DataTables or DataFrames?

question

#14

I think if you just pick either of DataFrames or DataTables and stick with it for a while you’ll be fine. My only caveat is that if you are dealing with datasets ≳5GB you might find the type stability issue in DataFrames to be an obstacle. I have a few simple tools for doing conversions in such in my DataUtils package which you can just copy over if you don’t want to rely on my package.

Edit: The one other thing I’ve forgotten about is the lack of something like the very nice DataFramesMeta, however @davidanthoff seems to have been working away furiously on Query.jl so I’d imagine that’s quite nice and compatible with lots of things by now. Like I said, the simplicity of DataFrames/DataTables has made it much easier to write simple tools, so I’ve actually found the simple things in my DataUtils package to be quite adequate most of the time.


#15

It’d be nice if DataFrames/DataTables added CSV as a dependency IMHO. I don’t think readtable is deprecated just yet though.


#16

We’ve just deprecated readtable in DataTables, but not in DataFrames. Re-exporting CSV.read under some form is still a possibility, though.


#17

Yes, Query.jl works with DataTables. At least on master I also have an unexported, experimental method interface that might at one point look more like dplyr. You can do things like this with that:

Query.@where(dt, i->i.a==2)

That will return an iterable table, so you can convert that back into any of the supported iterable table sinks, for example back into a DataTable:

DataTable(Query.@where(dt, i->i.a==2))
```
But be warned, I'm still experimenting with the syntax for this method based approach, so things might change.

[quote="nalimilan, post:16, topic:3160, full:true"]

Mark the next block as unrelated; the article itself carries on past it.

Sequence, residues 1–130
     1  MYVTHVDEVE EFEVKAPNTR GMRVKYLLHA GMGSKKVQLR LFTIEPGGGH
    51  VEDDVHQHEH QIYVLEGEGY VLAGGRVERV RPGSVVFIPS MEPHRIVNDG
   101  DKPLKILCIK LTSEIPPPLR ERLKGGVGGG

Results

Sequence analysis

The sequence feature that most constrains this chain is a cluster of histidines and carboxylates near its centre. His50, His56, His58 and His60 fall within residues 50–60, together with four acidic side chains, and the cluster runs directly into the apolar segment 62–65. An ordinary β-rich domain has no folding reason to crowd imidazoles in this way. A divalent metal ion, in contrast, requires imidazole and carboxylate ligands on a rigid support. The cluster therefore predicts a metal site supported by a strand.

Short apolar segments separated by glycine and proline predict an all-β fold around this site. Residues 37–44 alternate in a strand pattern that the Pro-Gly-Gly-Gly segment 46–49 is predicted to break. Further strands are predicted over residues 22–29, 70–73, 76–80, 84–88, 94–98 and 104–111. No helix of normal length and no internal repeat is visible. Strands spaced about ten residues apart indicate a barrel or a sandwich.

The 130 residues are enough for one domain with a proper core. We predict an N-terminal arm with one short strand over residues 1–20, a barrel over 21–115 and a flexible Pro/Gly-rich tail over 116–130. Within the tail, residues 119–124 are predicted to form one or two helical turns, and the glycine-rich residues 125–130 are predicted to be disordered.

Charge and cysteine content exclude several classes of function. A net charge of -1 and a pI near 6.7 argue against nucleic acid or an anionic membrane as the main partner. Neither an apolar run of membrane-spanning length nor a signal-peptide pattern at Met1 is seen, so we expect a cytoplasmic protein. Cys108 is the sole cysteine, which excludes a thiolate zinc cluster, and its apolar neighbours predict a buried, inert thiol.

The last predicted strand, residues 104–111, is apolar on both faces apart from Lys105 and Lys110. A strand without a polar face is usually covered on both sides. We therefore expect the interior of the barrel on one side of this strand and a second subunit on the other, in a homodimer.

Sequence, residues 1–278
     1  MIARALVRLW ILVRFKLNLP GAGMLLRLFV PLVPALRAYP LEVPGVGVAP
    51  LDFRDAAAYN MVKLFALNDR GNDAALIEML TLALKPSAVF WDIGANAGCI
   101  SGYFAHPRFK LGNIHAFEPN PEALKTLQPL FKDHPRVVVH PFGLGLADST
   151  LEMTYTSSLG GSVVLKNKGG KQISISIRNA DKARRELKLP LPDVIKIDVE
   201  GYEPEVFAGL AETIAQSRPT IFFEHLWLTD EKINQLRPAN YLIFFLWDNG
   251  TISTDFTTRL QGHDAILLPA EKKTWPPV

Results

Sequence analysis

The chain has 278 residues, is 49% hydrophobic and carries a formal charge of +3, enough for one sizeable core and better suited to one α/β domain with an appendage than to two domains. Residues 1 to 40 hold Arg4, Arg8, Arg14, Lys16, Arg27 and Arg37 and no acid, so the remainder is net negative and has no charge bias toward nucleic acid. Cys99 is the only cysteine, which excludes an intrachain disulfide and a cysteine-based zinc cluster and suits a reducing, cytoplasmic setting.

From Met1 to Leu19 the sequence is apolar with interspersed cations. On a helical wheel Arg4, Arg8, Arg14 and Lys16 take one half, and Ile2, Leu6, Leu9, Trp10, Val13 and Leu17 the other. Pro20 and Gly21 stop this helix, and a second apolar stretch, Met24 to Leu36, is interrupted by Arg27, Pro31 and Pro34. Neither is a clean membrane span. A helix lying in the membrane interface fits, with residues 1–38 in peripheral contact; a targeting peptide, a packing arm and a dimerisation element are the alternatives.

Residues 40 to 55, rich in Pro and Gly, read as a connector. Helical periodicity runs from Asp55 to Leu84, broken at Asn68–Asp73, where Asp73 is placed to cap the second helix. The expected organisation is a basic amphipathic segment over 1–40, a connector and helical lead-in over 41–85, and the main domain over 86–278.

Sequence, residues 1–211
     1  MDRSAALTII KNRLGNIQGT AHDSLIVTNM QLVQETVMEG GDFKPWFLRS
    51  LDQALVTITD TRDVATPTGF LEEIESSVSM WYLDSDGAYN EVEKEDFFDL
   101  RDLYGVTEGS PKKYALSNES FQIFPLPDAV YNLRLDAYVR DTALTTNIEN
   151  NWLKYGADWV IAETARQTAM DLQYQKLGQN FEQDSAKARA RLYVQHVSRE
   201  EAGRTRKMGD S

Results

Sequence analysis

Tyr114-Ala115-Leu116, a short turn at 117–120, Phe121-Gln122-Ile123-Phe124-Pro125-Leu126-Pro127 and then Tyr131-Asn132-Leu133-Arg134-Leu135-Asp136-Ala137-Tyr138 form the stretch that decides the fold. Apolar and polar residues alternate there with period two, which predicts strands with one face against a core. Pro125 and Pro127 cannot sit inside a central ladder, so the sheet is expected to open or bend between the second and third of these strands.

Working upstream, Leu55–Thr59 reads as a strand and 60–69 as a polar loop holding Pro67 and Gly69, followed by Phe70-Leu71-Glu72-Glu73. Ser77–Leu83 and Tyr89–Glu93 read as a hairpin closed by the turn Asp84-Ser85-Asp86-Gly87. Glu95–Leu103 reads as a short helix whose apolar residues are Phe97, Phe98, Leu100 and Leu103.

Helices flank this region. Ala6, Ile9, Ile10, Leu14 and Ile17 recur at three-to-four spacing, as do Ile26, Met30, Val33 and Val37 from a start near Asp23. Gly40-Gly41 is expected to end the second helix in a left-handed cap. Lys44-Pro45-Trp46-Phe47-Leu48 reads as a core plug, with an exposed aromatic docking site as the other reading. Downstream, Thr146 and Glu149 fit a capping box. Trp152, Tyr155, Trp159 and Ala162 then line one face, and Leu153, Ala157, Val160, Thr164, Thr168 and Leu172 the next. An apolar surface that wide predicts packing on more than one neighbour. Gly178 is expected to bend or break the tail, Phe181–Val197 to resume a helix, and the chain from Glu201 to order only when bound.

We've just deprecated readtable in DataTables, but not in DataFrames. Re-exporting CSV.read under some form is still a possibility, though.
[/quote]

Another option would be to have some meta package like ``DataVerse`` at some point that just loads everything that one typically needs for data work.

#18

Yes, I for one would like to use a metapackage to make things easier. Obviously not a development target, but if there was just a single package I could point to and all of my conversion / file-format woes are solved, that’s great for teaching and REPL usage. Also great for writing scripts. Then some interface like ItearableTables.jl would be a good low-dep developer target.

Honestly, I find the current situation for data formats very confusing, though the Anthoff-verse is pretty nice.


#19

It is definitely easier to understand the internals of DataFrames/DataTables, but I question the assumption that understanding the internals of a tabular data package makes it easier to use. In my opinion, a good tabular data package allows one to abstract away from internals altogether and simply provides a nice API to do things with your data.


#20

I think there’s a few things to decouple here. The question is, who are you targetting? There’s a few different targets for a package:

  • End Users: You want something that end users can use to do anything their heart desires. Number of dependencies really doesn’t matter, as long as it is automatic to install and not excessive. The key is for it to be feature-filled and really well documented.

  • Other developers: You want something that others can easily hack away at to add whatever odd stuff they need. The key is to have concise code so that others can easily dig in. If features are missing, that doesn’t matter because you can assume the user can just read the source and add whatever they need. Documentation isn’t that crucial if you have comments and docstrings.

  • Developer target: Something that you want to offer as a component for other packages. You want this to be as small and as stable of a dependency as possible. The interfaces should be really well documented so that way everything meshes well, but you’re focusing on offering a good small core of features.